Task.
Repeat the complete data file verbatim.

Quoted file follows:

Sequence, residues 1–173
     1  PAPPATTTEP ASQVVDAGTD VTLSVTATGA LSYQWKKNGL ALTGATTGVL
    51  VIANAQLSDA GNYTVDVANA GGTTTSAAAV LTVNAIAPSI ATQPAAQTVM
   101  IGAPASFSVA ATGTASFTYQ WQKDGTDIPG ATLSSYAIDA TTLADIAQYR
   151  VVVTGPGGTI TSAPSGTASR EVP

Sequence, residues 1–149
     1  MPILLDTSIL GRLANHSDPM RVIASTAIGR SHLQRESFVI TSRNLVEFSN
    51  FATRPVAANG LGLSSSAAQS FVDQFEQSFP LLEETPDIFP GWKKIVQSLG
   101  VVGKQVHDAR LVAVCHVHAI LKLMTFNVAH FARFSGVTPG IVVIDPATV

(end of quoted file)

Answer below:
Sequence, residues 1–173
     1  PAPPATTTEP ASQVVDAGTD VTLSVTATGA LSYQWKKNGL ALTGATTGVL
    51  VIANAQLSDA GNYTVDVANA GGTTTSAAAV LTVNAIAPSI ATQPAAQTVM
   101  IGAPASFSVA ATGTASFTYQ WQKDGTDIPG ATLSSYAIDA TTLADIAQYR
   151  VVVTGPGGTI TSAPSGTASR EVP

Sequence, residues 1–149
     1  MPILLDTSIL GRLANHSDPM RVIASTAIGR SHLQRESFVI TSRNLVEFSN
    51  FATRPVAANG LGLSSSAAQS FVDQFEQSFP LLEETPDIFP GWKKIVQSLG
   101  VVGKQVHDAR LVAVCHVHAI LKLMTFNVAH FARFSGVTPG IVVIDPATV